May TU/e favour women or not?

The TU/e wants 30% of their staff to be women by no later than 2025. Photo credit: Pixabay

In June last year, it came to light that the Eindhoven University of Technology (TU/e) intended to open all academic staff vacancies to only women.

Now, the Dutch Board of Human Rights has said this is in contravention to Dutch equal treatment legislation. According to the Board, positions should be open to women and men. Only if both are equally suitable for the job, a woman should be preferred.

A Board decision’s not binding, although it’s often followed. TU/e Rector, Frank Baaijens indicates that the TU/e’s taking the decision seriously. It will ‘carefully study’ the guideline towards quotas – the minimum number of women who must be employed.


According to Baaijens, the measure did have a positive effect. “We recruited about a hundred scientists over a year. Half of whom are women,” he said on the Radio 1 news. He calls this ‘very well-balanced’.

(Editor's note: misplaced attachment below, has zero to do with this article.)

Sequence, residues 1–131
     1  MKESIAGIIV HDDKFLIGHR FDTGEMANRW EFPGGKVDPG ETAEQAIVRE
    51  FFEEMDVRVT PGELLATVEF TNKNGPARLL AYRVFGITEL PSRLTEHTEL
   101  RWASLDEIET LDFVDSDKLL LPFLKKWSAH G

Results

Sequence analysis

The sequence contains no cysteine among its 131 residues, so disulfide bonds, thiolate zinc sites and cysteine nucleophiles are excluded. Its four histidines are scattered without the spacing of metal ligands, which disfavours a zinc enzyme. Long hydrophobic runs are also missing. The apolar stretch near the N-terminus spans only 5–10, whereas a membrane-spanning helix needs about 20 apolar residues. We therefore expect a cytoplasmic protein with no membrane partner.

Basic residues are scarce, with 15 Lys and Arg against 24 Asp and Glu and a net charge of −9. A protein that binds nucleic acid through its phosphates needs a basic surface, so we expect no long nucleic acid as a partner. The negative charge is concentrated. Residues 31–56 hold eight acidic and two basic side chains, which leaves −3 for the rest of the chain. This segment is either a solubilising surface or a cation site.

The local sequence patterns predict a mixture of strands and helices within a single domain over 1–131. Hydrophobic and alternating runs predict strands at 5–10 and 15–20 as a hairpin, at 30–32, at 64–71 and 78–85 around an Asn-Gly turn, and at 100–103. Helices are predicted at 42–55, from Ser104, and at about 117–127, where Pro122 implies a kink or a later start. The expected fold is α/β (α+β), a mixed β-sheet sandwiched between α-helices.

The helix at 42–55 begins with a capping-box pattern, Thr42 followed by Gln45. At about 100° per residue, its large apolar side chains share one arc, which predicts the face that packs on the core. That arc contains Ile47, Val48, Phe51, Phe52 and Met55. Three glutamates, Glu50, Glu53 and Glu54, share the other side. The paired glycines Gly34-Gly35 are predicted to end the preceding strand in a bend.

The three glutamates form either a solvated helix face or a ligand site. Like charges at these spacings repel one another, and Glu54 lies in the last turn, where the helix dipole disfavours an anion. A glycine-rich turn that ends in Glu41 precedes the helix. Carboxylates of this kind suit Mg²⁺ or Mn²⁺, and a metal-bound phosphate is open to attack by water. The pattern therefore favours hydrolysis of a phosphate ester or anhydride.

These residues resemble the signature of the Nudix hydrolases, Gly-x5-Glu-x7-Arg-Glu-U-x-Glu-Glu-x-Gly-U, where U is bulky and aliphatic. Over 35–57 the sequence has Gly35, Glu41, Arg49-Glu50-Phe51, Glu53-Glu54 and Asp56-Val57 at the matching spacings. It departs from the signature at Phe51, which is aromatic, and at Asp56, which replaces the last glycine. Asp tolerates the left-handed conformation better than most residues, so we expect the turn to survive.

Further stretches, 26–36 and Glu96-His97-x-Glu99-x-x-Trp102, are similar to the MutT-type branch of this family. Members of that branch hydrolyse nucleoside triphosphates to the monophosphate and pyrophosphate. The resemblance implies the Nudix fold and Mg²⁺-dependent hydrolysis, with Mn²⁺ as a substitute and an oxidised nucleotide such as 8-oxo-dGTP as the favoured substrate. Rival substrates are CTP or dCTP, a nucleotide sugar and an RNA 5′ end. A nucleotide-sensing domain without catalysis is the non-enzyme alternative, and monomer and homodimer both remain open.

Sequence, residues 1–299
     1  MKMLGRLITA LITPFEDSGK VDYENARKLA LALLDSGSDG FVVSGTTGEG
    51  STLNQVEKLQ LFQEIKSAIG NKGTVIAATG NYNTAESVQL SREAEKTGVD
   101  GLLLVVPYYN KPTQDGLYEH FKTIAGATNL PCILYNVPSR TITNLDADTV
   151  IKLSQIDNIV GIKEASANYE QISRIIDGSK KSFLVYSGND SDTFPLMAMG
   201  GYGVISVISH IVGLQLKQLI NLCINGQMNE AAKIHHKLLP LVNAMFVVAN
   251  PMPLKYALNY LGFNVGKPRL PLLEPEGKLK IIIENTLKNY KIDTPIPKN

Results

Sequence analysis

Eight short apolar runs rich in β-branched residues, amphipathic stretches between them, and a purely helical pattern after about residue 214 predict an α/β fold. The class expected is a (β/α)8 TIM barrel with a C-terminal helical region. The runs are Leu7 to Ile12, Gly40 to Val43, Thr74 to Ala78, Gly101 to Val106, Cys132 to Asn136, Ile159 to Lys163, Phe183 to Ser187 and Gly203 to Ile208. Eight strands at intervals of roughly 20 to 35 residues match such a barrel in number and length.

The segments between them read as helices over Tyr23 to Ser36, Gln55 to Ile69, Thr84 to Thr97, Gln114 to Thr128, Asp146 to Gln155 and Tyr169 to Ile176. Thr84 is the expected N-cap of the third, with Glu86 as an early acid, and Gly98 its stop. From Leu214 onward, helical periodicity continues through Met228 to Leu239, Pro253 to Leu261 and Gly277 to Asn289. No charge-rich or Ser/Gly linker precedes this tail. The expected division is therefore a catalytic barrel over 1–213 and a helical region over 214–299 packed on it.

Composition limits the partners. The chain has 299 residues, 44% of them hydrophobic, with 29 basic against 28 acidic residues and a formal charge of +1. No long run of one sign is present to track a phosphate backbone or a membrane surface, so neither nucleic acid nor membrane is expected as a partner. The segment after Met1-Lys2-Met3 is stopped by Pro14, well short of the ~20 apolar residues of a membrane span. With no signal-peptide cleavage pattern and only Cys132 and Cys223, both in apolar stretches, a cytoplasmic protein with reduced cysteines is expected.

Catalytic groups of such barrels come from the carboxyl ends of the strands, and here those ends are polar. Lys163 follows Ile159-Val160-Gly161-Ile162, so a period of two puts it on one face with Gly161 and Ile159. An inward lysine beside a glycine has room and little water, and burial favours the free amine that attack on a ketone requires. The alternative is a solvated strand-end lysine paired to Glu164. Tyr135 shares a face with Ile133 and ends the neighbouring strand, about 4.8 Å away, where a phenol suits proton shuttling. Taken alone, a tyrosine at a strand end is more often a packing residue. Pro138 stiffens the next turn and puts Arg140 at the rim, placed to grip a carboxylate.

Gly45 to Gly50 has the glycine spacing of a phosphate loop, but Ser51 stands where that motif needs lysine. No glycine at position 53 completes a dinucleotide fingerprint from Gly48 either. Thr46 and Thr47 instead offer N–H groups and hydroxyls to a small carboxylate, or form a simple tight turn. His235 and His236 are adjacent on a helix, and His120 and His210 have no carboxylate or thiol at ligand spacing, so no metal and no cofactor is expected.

However, according to Minister Ingrid van Engelshoven, the university can ‘calmly go ahead’ with its policy. One of Van Engelshoven’s portfolios is that of Emancipation. She says the university shouldn’t see the Human Rights Board’s warning as an obstacle.

The minister concludes from the Board’s statement that TU/e may show preference to women. The university ‘should just have done so a little less broadly’. According to Van Engelshoven, the Board leaves room for, for example, a women’s quota, in the advice.

‘Diversity’s a good thing’

“In my opinion, the TU/e can continue to promote more diversity in science. Because that’s a good thing. They must just do so with a sensible policy adjustment,” says the minister.

Rector Baaijens adds, “We appreciate that the Board gave clear indications on what type of measures we can consider to reach a better gender balance. We will study the findings, as well as their recommendations, to determine our next steps.” But, the TU/e remains committed to gender equality.

“Our commitment to this fundamental cause is unchanged”, says TU/e President, Robert-Jan Smits. “Our overall aim remains unaltered – we want to reach a 30% female faculty within five years. Because, at that percentage, a minority stops being a minority. (The group then) has the position and influence it deserves.”

Source: OmroepBrabant and TU/e

Translator: Melinda Walraven

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